1. “which summarizes the entire holy book.” It does nothing of the kind. It is a prayer that the reader says to Allah. Strictly speaking, it is not even part of the Qur’an. The Qur’an (as in God’s supposed word) begins with, “This is the book of which there is no doubt,” (2:1).
  2. “gives everything his creation needs without being asked and without any discrimination.” It is not even that he only gives to Muslims and denies to all others, he only gives to Muslim men, and denies to all others.
  3. unfathomable love,” that cannot be substantiated by a single verse?

But the bankruptcy is complete when Naseem finds it necessary to fudge supplication and verse.

Every chapter of the Quran starts with this enchanting verse. Every Muslim starts every act — whether mundane or spiritual — by remembering the compassionate and ever-merciful God. This chapter also refers to the compassionate God as the Lord of all the peoples, not just Muslims. Practicing Muslims recite this chapter in their five daily prayers at least 20 times. This short chapter comprised of only seven verses is sufficient to convince a seeker of truth that Islam introduces man to a God, who loves all the peoples of the world without discrimination.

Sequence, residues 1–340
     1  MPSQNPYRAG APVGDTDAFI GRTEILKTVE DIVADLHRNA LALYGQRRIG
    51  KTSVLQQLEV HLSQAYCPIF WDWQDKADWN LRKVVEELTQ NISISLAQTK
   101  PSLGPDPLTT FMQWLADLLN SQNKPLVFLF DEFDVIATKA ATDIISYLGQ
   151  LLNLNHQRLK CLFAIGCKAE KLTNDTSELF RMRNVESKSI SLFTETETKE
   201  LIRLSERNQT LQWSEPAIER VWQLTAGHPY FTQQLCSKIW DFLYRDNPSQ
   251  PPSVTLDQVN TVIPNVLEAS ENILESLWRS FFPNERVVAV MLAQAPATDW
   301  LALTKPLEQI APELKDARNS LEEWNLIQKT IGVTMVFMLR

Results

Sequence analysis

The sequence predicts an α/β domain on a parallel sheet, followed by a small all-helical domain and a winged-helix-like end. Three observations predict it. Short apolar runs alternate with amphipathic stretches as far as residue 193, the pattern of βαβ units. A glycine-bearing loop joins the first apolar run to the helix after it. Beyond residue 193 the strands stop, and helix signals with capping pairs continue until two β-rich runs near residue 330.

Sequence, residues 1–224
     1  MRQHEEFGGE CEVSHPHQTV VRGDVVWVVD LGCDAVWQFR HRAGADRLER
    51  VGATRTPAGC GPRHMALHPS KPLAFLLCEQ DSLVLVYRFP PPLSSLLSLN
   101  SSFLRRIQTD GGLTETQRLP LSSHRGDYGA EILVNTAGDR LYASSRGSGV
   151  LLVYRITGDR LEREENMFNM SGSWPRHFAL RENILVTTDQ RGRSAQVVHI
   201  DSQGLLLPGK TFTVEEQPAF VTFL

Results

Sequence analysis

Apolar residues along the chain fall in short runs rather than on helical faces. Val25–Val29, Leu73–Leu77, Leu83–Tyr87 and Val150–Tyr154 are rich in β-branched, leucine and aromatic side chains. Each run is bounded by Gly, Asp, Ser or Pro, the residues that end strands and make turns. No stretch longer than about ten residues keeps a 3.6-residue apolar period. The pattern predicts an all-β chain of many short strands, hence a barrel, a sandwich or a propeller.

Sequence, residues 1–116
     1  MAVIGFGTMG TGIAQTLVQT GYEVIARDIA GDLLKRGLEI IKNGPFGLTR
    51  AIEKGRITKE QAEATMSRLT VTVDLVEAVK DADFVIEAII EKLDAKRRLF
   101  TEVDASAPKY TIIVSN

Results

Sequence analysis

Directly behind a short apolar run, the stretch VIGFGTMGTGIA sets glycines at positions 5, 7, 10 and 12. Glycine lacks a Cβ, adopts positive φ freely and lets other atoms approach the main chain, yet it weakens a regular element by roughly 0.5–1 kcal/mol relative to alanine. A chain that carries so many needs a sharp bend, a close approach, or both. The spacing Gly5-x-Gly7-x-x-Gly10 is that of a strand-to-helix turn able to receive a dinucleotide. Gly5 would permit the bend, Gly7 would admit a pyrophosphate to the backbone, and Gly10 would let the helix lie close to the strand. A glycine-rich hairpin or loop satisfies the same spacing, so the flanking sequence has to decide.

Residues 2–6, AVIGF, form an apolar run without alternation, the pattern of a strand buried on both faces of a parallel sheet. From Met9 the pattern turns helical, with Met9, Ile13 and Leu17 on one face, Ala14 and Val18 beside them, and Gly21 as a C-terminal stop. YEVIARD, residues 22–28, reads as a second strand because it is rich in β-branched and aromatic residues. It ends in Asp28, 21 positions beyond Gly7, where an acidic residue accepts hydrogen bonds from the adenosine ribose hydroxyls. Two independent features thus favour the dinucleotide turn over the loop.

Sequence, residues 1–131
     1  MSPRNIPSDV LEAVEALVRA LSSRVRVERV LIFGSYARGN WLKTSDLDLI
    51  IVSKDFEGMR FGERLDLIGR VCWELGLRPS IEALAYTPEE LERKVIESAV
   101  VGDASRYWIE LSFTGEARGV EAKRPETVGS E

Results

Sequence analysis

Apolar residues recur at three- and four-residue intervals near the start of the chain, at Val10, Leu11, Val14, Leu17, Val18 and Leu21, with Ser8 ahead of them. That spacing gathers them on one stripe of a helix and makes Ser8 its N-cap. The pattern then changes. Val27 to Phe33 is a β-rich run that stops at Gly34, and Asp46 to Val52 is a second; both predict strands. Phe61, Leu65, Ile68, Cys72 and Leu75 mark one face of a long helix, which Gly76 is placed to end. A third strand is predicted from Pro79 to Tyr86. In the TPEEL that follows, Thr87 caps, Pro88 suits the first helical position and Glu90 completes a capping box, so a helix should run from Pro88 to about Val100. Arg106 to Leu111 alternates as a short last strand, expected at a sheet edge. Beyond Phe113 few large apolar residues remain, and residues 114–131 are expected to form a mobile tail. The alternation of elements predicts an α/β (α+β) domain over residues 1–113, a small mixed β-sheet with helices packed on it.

1. The “enchanting verse” in question is the supplication, “In the name of Allah, the most beneficent, the most merciful.” It is not a verse. It is not Allah’s word to Muslims. It is not, strictly speaking, even part of the Qur’an. It is what Muslims say before they start reading what Allah had supposedly said.
  2. What Naseem is doing here is to populate the entire Qur’an with the exact same supplication in which Muslims praise Allah as beneficent and merciful, as a surrogate verse to prove Allah’s beneficence and compassion. It is like a tyrant proving his popularity by stuffing a stadium with a commandeered crowd.

Going by the Qur’an alone, there is no question in my mind that were Allah to be submitted to psychiatric evaluation, he would immediately be sectioned to a secure unit. I just hope that the barrel Naseem is scraping so hard used to at least hold something halal.